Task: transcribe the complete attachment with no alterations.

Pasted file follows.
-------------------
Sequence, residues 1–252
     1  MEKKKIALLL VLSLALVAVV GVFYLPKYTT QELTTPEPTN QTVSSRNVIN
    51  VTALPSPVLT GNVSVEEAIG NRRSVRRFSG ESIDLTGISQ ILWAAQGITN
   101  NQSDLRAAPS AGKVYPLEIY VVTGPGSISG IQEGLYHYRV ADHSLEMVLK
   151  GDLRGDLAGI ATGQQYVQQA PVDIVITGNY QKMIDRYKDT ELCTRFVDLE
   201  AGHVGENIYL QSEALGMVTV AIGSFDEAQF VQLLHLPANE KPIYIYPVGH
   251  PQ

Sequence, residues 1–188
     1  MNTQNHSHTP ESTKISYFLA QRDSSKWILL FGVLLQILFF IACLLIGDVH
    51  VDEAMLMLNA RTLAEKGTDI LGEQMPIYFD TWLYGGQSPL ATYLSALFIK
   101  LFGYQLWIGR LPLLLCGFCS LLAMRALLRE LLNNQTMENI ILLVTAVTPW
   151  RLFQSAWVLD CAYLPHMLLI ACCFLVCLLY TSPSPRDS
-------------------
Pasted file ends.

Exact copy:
Sequence, residues 1–252
     1  MEKKKIALLL VLSLALVAVV GVFYLPKYTT QELTTPEPTN QTVSSRNVIN
    51  VTALPSPVLT GNVSVEEAIG NRRSVRRFSG ESIDLTGISQ ILWAAQGITN
   101  NQSDLRAAPS AGKVYPLEIY VVTGPGSISG IQEGLYHYRV ADHSLEMVLK
   151  GDLRGDLAGI ATGQQYVQQA PVDIVITGNY QKMIDRYKDT ELCTRFVDLE
   201  AGHVGENIYL QSEALGMVTV AIGSFDEAQF VQLLHLPANE KPIYIYPVGH
   251  PQ

Sequence, residues 1–188
     1  MNTQNHSHTP ESTKISYFLA QRDSSKWILL FGVLLQILFF IACLLIGDVH
    51  VDEAMLMLNA RTLAEKGTDI LGEQMPIYFD TWLYGGQSPL ATYLSALFIK
   101  LFGYQLWIGR LPLLLCGFCS LLAMRALLRE LLNNQTMENI ILLVTAVTPW
   151  RLFQSAWVLD CAYLPHMLLI ACCFLVCLLY TSPSPRDS